Appellees brought this action to domesticate two default judgments rendered by an Ohio court against appellants Bill Dunn and Bill Jenkins, purportedly doing business as "Bill's Truck Sales." In their answers, appellants asserted that they had not been properly served with process in the Ohio actions and that the Ohio court had lacked both personal and subject matter jurisdiction. Thereafter, appellees moved for summary judgment, attaching in support of the motion copies of the Ohio Consumer Sales Practices Act (Ohio Revised Code 1345.01 et seq.), on which the complaint apparently was founded, and the Ohio Long-Arm Statute (Ohio Revised Code 2307.381 et seq.), which confers personal jurisdiction in the Ohio courts over persons transacting business in the state. These copies were authenticated by the Secretary of State of Ohio. Appellees also submitted certain documents reflecting service by certified mail upon "Bill's Truck Sales" at a post office box in Rock Springs, Georgia.
In opposition to the motion for summary judgment, both Dunn and Jenkins filed affidavits denying that they had been members of a partnership doing business as "Bill's Truck Sales." Jenkins further denied having ever received service of process in the Ohio action against him, while Dunn acknowledged receipt of "some correspondence through the United States mails showing a suit had been filed against Bill's Truck Sales" but denied receiving notice of any action against him as an individual. This appeal is from an order granting the appellees' motion for summary judgment. Held:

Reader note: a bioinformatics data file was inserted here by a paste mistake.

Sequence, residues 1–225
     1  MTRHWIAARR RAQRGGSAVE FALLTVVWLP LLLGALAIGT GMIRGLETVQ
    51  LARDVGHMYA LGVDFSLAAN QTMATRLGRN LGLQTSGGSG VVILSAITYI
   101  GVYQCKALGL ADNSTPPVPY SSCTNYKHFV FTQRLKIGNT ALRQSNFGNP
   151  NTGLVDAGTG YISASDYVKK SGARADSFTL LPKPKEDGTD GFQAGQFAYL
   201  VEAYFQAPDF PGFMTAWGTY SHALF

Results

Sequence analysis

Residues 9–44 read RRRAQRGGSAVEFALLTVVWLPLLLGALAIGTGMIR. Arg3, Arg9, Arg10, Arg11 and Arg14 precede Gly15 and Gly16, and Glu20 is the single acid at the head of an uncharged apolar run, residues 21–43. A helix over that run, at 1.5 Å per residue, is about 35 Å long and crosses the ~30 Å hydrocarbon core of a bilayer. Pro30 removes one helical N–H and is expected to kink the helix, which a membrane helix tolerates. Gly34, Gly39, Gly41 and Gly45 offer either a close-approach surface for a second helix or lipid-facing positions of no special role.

1. Appellants contend that genuine issues of material fact existed as to whether they were properly served with process in the Ohio action and whether the Ohio court had personal jurisdiction over them. The Ohio judgments reflected no findings of fact that appellants had conducted any activities in the State of Ohio. The Ohio complaint apparently was founded on allegations that appellants had acquired tractors in Canada, brought them into Ohio, and secured Georgia titles for them. However, appellees submitted no evidence in this domestication proceeding, by affidavits or otherwise, to substantiate these allegations or to show that appellants had in fact transacted business in Ohio in such a manner as to render themselves amenable to suit in that state.
Where a default judgment of another state is collaterally attacked for lack of jurisdiction, the party seeking to enforce that foreign judgment has the burden of proving jurisdiction. See City of Alma v. Benham, 170 Ga. App. 143 (316 SE2d 477) (1984)
; Ramseur v. American Mgt. Assn., 155 Ga. App. 340 (2) (270 SE2d 880) (1980)
. Moreover, on a motion for summary judgment, the burden is always on the moving party. Id. The evidence presented in the present case fails to establish that appellants engaged in any conduct in Ohio which, consistent with the requirements of due process, would have subjected them to the jurisdiction of the courts of that state. Accord Perry Agri Distributors v. Bailey Seed Farms, 169 Ga. App. 58 (311 SE2d 497) (1983)
. It follows that the trial court erred in granting the appellees' motion for summary judgment.
2. The remaining enumerations of error are rendered moot by the foregoing.
Jon Bolling Wood, for appellees.